If you save the untracked files outside of git entirely, you'll have a (non-git) place from which to recover the untracked files.

If you commit the untracked files into the original branch, you'll have a place—in fact, the branch itself, here master—from which to recover the files, which are no longer untracked.

Which is the best solution? There's no one answer. Maybe they should be tracked. Maybe they should be "half tracked", as they are now. Maybe they should be untracked even in branch dev (which means you'll have to do some operations on branch dev to cause them to become untracked there: in particular, you'll have to check out that branch, use git rm --cached or git rm, and make a new commit in that branch). Git can't make this decision for you, nor can I; you need to figure out what you want to have happen with these files.


Edit: now that we know that the work directory got into this state via:

git --work-tree=/path/outside/here checkout develop

I can add a bit on this. I can't go into too much detail as I have not experimented with it much myself, nor gone through the index code in git with any kind of fine-toothed comb. But, one point of the index is to keep track of what's in your work tree.

It's very expensive, at least in a large project with a lot of code in a lot of files in a lot of directories, to search the entire work tree—but with some cleverness, git does not have to do that. Let's assume your work tree starts at ., and you have modules/analytics/config/* for instance. Inside the index (.git/index), there are entries keeping track of stat information about the files in that directory, as checked-out.

Git also knows that you're (as git status would report) on branch analytics. Then you invoke git checkout develop.

Rather than searching the work directory for "what's there", git can use the data in the index to assume that "what's there" is what was last checked-out. In some (I'm not sure which) cases, git will re-do the stat and know the index is out of date. In others (again I'm not sure which), I can see by observation that it does not do that: it just assumes that .git/index describes the work tree.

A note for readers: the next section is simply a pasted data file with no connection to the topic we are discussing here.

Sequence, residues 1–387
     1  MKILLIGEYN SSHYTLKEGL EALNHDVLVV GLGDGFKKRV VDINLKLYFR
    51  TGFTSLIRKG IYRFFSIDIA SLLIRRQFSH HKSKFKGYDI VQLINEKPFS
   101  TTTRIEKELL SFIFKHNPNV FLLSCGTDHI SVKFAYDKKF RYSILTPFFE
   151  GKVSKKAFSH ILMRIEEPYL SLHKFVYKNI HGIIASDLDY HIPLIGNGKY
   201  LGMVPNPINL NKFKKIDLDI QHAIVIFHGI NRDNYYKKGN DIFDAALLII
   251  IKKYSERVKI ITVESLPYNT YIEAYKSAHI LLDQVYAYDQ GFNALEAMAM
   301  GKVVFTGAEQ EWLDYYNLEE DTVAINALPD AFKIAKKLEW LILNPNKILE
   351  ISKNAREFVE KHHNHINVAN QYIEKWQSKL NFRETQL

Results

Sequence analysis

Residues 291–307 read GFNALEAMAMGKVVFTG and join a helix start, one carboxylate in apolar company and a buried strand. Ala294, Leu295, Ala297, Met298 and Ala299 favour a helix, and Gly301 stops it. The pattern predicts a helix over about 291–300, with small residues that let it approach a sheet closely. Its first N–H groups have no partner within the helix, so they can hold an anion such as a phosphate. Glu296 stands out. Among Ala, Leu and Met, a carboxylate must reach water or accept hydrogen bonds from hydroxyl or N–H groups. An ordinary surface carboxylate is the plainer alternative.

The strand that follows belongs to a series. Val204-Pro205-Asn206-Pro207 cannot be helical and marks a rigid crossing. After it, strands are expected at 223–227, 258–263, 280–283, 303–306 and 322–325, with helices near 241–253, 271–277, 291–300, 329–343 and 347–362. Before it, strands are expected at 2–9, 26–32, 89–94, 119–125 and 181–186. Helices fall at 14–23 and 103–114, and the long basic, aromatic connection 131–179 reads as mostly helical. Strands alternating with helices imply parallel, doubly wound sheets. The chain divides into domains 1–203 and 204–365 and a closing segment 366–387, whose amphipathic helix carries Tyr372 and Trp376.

If you always use the same work tree, with that (single) index, it "just works". If you use --work-tree to point git to a different work tree, I've seen it do what amounts to: "ah, well, to switch from analytics to develop I only need to remove this file and replace it with that other one"—so that's all it does.

You can force git to use a different index file with GIT_INDEX_FILE=path. For instance, if you wanted to track what goes into /path/outside/here you could have a file named (e.g.) .git/index-alt:

# note: this assumes $GIT_DIR is set, as it is with "git-sh-setup"
# so let's set it:
GIT_DIR=$(git rev-parse --git-dir) || exit

alt_index=${GIT_INDEX_FILE-"$GIT_DIR/index"}-alt
GIT_INDEX_FILE=$alt_index git --work-tree=/path/outside/here git checkout ...

This still has one other problem, that git checkout ... will switch your current branch. To fix that, use an alternate form of git checkout, telling it to check out all the files from the named branch, but without changing your current branch:

GIT_INDEX_FILE=$alt_index git --work-tree=/path/outside/here checkout branchname -- .

Now the "alternate index" tracks the alternate work tree, and HEAD is never changed, so the local repository is never messed-with. (I have not tested this, but should work—it's something I've been planning to play with as part of "how best to deploy versions on servers using post-receive hooks".)


You can use git stash git stash -u. Git Stash


If the intent is to take the current changes and apply them to the branch analytics then you should do the following

git stash
git checkout analytics
git stash pop

The stash command will store the current branch changes and reset your working directory to HEAD. Once you've switched to the analytics branch you can reapply the changes by using stash pop. This will apply the most recent stash command to the current working directory